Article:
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Into such shapes, they fright me from myself;
I dare not think of them-

Enter Nurse.

Nurse. Madam, the gentleman's below.
Isa. I had forgot; pray let me speak with him.

[Exit Nurse.

This ring was the first present of my love
To Biron, my first husband: I must blush
To think I have a second. Biron died
(Still to my loss) at Candy; there's my hope.
Oh, do I live to hope, that he died there?

It must be so; he's dead, and this ring left,
By his last breath, to some known faithful friend,
To bring me back again;

That's all I have to trust to

Enter BIRON. [ISABELLA looking at him.]

My fears were woman's-I have viewed him all;

And let me, let me say it to myself,

I live again, and rise but from his tomb.

Bir. Have you forgot me quite?

Isa. Forgot you!

Bir. Then farewell my disguise, and my misfortunes: My Isabella! [He goes to her; she shrieks, and faints.

Isa. Ha!

Bir. Oh, come again!

Thy Biron summons thee to life and love;
Thy once loved, ever-loving husband calls-
Thy Biron speaks to thee.

Isa. My husband! Biron!

Bir. Excess of love and joy, for my return,

-I was to blame

Has overpowered her-
To take thy sex's softness unprepared:
But sinking thus, thus dying in my arms,
This ecstasy
has made my welcome more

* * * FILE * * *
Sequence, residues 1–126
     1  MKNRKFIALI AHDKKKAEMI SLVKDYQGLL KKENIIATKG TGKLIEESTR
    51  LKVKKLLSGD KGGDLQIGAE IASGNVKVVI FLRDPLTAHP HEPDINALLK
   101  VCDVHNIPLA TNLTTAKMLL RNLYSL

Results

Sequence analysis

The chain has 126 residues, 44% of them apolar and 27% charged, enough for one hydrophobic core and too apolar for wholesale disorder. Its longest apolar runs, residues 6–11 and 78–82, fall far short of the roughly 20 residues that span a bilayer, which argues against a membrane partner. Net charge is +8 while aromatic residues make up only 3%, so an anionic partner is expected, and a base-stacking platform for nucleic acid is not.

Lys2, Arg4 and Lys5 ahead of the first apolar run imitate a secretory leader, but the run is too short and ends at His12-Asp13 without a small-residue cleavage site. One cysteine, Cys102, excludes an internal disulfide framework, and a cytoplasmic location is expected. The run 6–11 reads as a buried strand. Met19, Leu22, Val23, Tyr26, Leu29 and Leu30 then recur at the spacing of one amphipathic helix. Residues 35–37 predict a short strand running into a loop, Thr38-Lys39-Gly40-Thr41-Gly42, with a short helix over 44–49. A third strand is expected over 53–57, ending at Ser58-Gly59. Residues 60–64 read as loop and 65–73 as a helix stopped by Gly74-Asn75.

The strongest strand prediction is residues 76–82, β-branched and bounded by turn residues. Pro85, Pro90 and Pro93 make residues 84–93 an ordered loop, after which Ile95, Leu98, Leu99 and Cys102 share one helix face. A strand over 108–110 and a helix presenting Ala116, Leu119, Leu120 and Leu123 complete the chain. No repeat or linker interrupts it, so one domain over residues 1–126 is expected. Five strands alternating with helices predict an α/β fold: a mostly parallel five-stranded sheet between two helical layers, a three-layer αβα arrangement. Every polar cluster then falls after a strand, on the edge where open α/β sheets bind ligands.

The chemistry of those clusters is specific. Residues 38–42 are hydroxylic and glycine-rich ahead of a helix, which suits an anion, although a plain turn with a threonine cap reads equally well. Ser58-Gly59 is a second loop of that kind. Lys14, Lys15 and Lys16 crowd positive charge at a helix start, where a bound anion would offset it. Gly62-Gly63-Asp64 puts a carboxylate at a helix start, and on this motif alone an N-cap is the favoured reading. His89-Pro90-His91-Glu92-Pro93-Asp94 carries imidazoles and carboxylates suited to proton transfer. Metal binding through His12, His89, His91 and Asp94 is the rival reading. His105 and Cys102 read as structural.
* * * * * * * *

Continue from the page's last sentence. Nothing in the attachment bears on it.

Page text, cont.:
Than words could say.

Isa. Where have I been? why do you keep him from me? I know his voice: my life, upon the wing,

Hears the soft lute that brings me back again,
'Tis he himself, my
Biron !

If I must fall, death's welcome in these arms.

Bir. Live ever in these arms.

Isa. But pardon me,

Excuse the wild disorder of my soul;

The joy, the strange, surprising joy, of seeing you,

Of seeing you again, distracted me

What hand of Providence has brought you back

To your own home again?

O, tell me all,

For every thought confounds me.

Bir. My best life! at leisure, all.

Isa. We thought you dead; killed at the siege of Candy. Bir. There I fell among the dead;

But hopes of life reviving, from my wounds,

I was preserved, but to be made a slave;

I often writ to my hard father, but never had
An answer; I writ to thee too

Isa. What a world of woe

Had been prevented but in hearing from you!

Bir. Alas! thou couldst not help me.

Isa. You do not know how much I could have done;

At least I'm sure I could have suffered all;
I would have sold myself to slavery,

Without redemption; given up my child,
The dearest part of me.to basest wants-
Bir. My little boy!

Isa. My life! but to have heard

You were alive

Bir. No more, my love; complaining of the past,
We lose the present joy. 'Tis over price
Of all my pains, that thus we meet again;
I have a thousand things to say to thee

Isa. Would I were past the hearing!

[Aside.

Bir. How does my child, my boy, my father, too? I hear he's living still.

Isa. Well, both; both well;

And may he prove a father to your hopes,

Though we have found him none.

Bir. Come, no more tears.

Isa. Seven long years of sorrow for Have mourned with me

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your loss

Bir. And all my days behind